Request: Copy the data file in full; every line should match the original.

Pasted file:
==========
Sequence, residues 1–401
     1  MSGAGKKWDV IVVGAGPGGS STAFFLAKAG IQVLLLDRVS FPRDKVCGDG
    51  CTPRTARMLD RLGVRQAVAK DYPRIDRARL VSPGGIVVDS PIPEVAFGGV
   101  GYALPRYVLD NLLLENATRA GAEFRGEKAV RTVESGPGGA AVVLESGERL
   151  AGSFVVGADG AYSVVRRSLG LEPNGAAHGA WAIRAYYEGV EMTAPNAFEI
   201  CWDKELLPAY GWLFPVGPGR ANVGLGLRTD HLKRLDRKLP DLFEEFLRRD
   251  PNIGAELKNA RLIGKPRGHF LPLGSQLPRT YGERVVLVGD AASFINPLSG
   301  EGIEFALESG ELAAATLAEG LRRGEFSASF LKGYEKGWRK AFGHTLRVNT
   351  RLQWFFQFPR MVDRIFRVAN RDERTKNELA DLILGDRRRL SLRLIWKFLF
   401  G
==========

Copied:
Sequence, residues 1–401
     1  MSGAGKKWDV IVVGAGPGGS STAFFLAKAG IQVLLLDRVS FPRDKVCGDG
    51  CTPRTARMLD RLGVRQAVAK DYPRIDRARL VSPGGIVVDS PIPEVAFGGV
   101  GYALPRYVLD NLLLENATRA GAEFRGEKAV RTVESGPGGA AVVLESGERL
   151  AGSFVVGADG AYSVVRRSLG LEPNGAAHGA WAIRAYYEGV EMTAPNAFEI
   201  CWDKELLPAY GWLFPVGPGR ANVGLGLRTD HLKRLDRKLP DLFEEFLRRD
   251  PNIGAELKNA RLIGKPRGHF LPLGSQLPRT YGERVVLVGD AASFINPLSG
   301  EGIEFALESG ELAAATLAEG LRRGEFSASF LKGYEKGWRK AFGHTLRVNT
   351  RLQWFFQFPR MVDRIFRVAN RDERTKNELA DLILGDRRRL SLRLIWKFLF
   401  G